Introduced on September 30, 2013, this switch is an evolution of the Nexus 3000 which is built around the Trident+ switch chip. In what amounts to a breath of fresh air, Cisco explicitly says this is a Trident II product in figure 3 in their architecture paper. The discussion on page 8 hints at the fine details of the size of the dynamic pool. Some buffer space is reserved for each port and queue, least a packet arrive with no place to land it. This would lead to head-of-line blocking.

The size of the dynamic buffer pool is 12.2 MBytes less whatever is required for dedicated port buffers. The amount of dedicated buffer space depends on the number of ports. And the number of ports depends on whether some of the QSFP ports are running as four SFP+ ports. More ports means less memory in the dynamic pool. I think.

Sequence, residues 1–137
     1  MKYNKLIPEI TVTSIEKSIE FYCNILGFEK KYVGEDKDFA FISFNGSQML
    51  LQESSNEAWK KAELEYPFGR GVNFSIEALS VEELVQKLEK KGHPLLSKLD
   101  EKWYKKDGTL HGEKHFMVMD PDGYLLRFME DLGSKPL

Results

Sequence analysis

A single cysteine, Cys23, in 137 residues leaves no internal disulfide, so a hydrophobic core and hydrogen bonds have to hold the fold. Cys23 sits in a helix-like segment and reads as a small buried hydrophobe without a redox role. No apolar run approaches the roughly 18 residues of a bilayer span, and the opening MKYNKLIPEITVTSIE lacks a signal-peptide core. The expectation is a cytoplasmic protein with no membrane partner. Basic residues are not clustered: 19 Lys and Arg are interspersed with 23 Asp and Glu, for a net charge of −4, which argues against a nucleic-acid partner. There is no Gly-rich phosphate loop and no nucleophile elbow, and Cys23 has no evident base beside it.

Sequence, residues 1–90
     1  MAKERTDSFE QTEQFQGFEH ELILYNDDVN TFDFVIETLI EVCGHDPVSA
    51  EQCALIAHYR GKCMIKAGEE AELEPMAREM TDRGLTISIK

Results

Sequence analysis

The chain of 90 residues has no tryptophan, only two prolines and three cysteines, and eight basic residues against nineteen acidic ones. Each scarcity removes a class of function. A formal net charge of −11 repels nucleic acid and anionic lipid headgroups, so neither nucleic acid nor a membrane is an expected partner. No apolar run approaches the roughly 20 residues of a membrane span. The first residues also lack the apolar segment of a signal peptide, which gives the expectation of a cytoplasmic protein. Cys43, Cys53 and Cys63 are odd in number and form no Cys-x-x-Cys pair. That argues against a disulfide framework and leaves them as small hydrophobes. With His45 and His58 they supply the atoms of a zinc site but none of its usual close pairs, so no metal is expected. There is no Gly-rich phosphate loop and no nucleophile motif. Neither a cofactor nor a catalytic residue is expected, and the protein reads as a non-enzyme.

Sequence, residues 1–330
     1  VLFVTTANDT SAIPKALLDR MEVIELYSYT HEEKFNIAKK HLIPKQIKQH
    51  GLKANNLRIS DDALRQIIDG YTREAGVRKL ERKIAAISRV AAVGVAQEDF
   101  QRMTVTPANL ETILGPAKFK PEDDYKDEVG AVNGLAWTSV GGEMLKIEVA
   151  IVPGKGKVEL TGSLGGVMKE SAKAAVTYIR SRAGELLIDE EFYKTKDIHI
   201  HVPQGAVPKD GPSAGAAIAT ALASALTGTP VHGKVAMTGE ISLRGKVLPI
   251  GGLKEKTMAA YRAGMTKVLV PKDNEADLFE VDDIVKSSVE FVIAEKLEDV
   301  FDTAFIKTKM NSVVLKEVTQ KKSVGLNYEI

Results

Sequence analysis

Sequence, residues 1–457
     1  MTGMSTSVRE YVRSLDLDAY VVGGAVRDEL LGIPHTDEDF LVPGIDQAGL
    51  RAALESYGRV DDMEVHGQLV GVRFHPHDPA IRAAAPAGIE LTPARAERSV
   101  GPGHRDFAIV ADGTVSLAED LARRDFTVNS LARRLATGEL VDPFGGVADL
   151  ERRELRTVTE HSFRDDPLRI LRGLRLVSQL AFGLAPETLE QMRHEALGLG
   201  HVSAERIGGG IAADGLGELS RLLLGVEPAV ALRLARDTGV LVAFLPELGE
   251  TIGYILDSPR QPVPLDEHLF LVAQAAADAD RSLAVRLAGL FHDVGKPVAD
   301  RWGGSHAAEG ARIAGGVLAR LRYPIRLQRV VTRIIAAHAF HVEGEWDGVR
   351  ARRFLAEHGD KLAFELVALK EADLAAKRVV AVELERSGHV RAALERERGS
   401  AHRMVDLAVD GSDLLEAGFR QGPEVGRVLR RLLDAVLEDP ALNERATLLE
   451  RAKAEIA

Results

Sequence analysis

The 3132Q breaks one of the QSFPs into four SFP+ jacks. These ports are either/or with respect to the associated QSFP jack. Cisco can do this because of better packing of the QSFP jacks relative to other vendor offerings on the front panel leaves space for it.

Cisco has the 3172PQ with 48 SFP+ and 6 QSFP+ slots. It looks like the 12 of the QSFP+ ports have been presented as 48 SFP+ ports so that breakout cables are not required. It also uses a Trident II switch chip. Cisco uses Trident II switches along with some custom silicon in the Nexus 9000.